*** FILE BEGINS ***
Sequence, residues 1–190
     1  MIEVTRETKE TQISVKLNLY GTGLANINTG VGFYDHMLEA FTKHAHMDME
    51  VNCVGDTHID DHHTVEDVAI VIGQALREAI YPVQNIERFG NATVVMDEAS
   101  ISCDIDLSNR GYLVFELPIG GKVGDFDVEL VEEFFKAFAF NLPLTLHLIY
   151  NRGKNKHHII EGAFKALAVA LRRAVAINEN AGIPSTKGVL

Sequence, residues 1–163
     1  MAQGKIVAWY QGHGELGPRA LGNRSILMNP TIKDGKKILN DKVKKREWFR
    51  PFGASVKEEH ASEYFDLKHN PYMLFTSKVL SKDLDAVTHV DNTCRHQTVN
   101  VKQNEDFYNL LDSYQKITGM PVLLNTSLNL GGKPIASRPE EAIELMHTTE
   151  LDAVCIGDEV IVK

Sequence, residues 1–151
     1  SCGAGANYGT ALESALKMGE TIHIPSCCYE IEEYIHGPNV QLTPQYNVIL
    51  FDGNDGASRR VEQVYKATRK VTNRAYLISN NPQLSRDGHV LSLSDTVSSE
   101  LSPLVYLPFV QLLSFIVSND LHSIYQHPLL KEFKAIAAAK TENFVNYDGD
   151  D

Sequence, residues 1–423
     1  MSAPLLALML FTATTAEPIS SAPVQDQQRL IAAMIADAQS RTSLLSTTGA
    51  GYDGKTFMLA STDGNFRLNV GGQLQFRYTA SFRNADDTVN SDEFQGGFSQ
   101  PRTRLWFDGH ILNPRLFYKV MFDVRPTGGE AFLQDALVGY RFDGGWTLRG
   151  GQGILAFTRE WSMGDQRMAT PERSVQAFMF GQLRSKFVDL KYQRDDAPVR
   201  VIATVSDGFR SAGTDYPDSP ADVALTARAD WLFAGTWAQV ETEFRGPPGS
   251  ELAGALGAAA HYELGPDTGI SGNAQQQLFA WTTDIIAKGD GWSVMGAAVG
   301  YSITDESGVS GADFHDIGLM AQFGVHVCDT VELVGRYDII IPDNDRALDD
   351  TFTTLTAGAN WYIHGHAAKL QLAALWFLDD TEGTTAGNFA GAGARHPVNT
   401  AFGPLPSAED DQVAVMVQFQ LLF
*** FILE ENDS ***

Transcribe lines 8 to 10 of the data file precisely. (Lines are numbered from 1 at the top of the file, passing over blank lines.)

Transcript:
    51  PFGASVKEEH ASEYFDLKHN PYMLFTSKVL SKDLDAVTHV DNTCRHQTVN
   101  VKQNEDFYNL LDSYQKITGM PVLLNTSLNL GGKPIASRPE EAIELMHTTE
   151  LDAVCIGDEV IVK